The White House asserted on Monday that the Centers for Disease Control and Prevention (CDC) does not have the legal authority to issue another eviction ban after Democratic leaders urged the Biden administration to take unilateral action.
In a statement, White House press secretary Jen PsakiJen PsakiOvernight Defense & National Security: US-Australian sub deal causes rift with France Psaki says White House offered 'early stage call' to Nicki Minaj Biden discusses agenda with Schumer, Pelosi ahead of pivotal week MORE said that CDC officials “have been unable to find legal authority for a new, targeted eviction moratorium” after the administration floated a one-month emergency extension.
“Our team is redoubling efforts to identify all available legal authorities to provide necessary protections,” Psaki said.
“In the meantime, the President will continue to do everything in his power to help renters from eviction.”
Biden has faced mounting pressure over the weekend from Democratic lawmakers, including Speaker Nancy PelosiNancy PelosiOn The Money: Democrats get to the hard part Biden discusses agenda with Schumer, Pelosi ahead of pivotal week Stefanik in ad says Democrats want 'permanent election insurrection' MORE (D-Calif.), to renew the CDC’s eviction ban after failing to marshal enough support behind a bill to do so Friday.
Biden asked lawmakers last week to extend the CDC’s ban, two days before it expired on July 31 and nearly a month after the Supreme Court warned that the agency would need congressional support to extend the moratorium again. Even so, House Democrats were unable to rise to Biden's last-ditch request after roughly 20 moderates objected to a bill to extend the ban, breaking for recess Friday without even taking a vote.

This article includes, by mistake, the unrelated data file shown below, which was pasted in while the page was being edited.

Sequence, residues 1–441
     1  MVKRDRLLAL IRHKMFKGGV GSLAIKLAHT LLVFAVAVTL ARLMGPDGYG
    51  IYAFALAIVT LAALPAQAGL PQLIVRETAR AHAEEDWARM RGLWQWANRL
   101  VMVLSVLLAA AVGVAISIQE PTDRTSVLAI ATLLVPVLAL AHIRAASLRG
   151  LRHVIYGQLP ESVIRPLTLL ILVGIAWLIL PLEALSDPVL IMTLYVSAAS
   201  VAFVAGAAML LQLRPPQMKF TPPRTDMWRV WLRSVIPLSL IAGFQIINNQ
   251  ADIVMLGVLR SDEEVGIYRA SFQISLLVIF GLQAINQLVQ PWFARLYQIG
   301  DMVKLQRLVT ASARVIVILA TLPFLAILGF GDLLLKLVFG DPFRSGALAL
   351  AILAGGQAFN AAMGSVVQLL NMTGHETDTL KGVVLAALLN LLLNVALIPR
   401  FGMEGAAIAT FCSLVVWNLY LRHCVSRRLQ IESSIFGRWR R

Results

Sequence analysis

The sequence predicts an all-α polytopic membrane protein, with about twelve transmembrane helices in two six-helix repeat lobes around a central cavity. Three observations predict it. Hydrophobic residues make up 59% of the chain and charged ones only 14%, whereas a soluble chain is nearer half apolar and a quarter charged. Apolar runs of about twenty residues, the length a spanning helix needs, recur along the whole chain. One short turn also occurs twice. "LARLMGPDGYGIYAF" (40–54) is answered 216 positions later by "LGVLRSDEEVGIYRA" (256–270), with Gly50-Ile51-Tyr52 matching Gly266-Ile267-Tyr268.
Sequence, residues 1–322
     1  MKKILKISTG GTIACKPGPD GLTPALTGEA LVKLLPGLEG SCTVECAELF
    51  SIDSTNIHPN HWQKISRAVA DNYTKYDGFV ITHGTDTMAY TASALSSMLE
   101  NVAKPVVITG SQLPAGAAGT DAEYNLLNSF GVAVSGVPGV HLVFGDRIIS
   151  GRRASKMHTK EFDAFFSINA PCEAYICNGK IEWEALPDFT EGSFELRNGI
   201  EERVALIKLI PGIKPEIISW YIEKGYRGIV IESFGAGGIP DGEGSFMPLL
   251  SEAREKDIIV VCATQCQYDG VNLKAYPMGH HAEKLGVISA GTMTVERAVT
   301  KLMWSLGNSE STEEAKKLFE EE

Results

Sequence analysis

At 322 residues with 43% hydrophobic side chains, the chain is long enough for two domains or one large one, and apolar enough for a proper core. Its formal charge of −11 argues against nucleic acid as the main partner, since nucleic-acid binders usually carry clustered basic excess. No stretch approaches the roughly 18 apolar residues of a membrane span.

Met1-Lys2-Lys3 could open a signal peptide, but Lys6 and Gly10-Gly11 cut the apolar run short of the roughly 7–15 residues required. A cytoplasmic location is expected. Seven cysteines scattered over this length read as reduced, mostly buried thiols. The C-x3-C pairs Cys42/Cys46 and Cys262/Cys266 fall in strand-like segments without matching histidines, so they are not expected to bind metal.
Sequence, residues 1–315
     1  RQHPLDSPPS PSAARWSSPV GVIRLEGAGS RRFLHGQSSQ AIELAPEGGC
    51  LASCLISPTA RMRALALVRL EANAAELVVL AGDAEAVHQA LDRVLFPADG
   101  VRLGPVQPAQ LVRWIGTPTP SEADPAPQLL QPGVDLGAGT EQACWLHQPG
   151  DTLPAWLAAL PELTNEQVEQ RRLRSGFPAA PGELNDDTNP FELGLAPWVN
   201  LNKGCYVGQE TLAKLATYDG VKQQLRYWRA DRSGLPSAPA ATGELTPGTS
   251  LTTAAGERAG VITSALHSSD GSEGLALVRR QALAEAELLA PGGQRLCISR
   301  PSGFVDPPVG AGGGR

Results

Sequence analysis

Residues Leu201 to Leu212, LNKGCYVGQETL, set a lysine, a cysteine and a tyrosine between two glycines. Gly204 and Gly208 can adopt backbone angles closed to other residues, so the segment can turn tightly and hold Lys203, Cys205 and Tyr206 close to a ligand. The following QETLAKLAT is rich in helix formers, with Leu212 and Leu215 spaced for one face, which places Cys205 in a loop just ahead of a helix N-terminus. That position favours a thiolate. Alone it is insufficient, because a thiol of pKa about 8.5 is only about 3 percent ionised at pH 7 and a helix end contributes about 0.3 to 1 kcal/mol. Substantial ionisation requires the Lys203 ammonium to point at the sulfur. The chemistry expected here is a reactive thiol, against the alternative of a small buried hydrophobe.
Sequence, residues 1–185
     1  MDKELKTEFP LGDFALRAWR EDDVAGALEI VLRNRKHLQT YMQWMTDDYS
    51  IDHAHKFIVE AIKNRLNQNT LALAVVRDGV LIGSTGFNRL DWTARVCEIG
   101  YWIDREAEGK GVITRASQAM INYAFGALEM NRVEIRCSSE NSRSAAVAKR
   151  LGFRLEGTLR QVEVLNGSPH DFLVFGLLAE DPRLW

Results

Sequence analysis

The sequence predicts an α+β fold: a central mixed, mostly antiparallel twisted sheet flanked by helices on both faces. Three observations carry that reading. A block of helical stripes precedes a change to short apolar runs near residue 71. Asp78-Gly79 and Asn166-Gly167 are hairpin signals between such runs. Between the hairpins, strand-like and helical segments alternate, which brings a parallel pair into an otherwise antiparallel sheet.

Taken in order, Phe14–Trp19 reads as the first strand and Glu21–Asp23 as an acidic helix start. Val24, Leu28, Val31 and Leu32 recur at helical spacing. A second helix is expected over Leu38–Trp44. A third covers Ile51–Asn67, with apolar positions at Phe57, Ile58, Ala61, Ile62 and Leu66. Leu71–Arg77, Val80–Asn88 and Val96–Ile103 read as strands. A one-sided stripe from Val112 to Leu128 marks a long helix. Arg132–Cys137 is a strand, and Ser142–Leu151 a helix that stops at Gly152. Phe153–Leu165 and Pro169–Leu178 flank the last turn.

Pelosi and other Democratic leaders have called on Biden for days to issue another extension despite the court's ruling.
But Gene Sperling, Biden's economic recovery czar, said that while Biden asked the CDC if it had the power to ban evictions in areas with particularly high COVID-19 transmission rates, the agency was hemmed in by the court's decision.
"Even though the eviction moratorium was supposed to end on the 31st, even though the CDC had said it was their last extension," Sperling said, "there was still a desire, a passion by this president to go back and say, 'Are we sure? Are we sure?' And he is still asking that question."
Sperling sidestepped questions about whether Biden should have led congressional Democrats to find a long-term fix in the month between the Supreme Court's decision and the ban's expiration. He also refused to blame lawmakers for the design of a rental aid program that has only distributed a fraction of the $46 billion meant to stave off evictions.
"We as a country have never had a national infrastructure or national policy for preventing avoidable evictions," Sperling said. "We think what Congress did was historic, and we think it has the potential to help enormously."
Sperling also indicated that concerns about whether the Supreme Court could strike down the administration’s broader use of public health authorities factored into the decision not to fight the issue at the high court.
“You always have to worry about whether you do something that could create harm. That’s a factor to think about. Is it an overwhelming factor? I can’t tell you,” Sperling said, later declining to offer further specifics.
Psaki also later insisted that Biden has “not given up the option of legal action” but reiterated that he will not take any step if he believes he does not have the legal authority to do so.
“We are using every tool we can,” she said.
Morgan Chalfant contributed to this piece which was updated at 4:13 p.m.